Target has confirmed jobs will be lost at its corporate support office in Geelong as it conducts a review of its operations, the Australian Services Union said.
ASU officials came out out of lengthy talks with Target executives on Friday to confirm the worst fears of its members and the city of Geelong, which has suffered a number of economic setbacks and job losses this year.
Ingrid Stitt of the ASU said Target had confirmed jobs would be lost from the 1000-strong staff at Target's headquarters in Geelong but no exact numbers were given. Target will see the union again on Tuesday.
It is possible Target, owned by the Wesfarmers conglomerate, might be able to nominate a redundancy figure next week as part of a sweeping review and restructure of its business.
Fairfax Media revealed on Wednesday that Target was reviewing its operations in the wake of a sharp downturn in its sales and profitability in the second half.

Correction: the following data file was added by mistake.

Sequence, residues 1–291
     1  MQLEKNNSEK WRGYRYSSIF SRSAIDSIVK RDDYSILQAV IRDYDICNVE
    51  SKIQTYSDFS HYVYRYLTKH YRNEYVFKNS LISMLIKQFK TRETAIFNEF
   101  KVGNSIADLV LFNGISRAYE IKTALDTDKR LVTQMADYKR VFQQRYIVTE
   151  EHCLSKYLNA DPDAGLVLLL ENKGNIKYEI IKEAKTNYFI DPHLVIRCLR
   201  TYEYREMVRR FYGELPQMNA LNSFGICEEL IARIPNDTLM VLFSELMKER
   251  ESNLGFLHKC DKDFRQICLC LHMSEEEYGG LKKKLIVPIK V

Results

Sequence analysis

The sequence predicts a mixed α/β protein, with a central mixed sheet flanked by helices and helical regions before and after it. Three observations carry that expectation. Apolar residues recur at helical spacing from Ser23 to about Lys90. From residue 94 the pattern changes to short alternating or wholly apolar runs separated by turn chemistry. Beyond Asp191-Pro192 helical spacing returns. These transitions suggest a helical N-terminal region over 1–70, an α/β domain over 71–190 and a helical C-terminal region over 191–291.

Staff cuts have already been made at its marketing department and speculation is mounting that as many as 200 more jobs might be carved out of the business in coming months.
The business review is being led by newly appointed chief Stuart Machin, Target's third head in two years. The retailer has been hit by excess inventory and a poor start to sales for the second half, exacerbated by the late start to winter.
Wesfarmers shocked investors two weeks ago with a profit downgrade for Target, flagging a potential second-half loss.
Chief executive Richard Goyder warned full-year earnings before interest and tax at Target would drop to between $140 million and $160 million, from $148 million in the first half. This could mean second-half earnings sinking to an $8 million loss or, at the upper end, a $12 million profit.
Wesfarmers also owns Kmart, Coles, Bunnings Warehouse and Officeworks.
The potential job losses at Target come at a tough time for Geelong.
Ford will pull out by 2016 with the loss of more than 500 jobs, and another 450 jobs are in doubt at Shell, which plans to sell its Geelong refinery next year.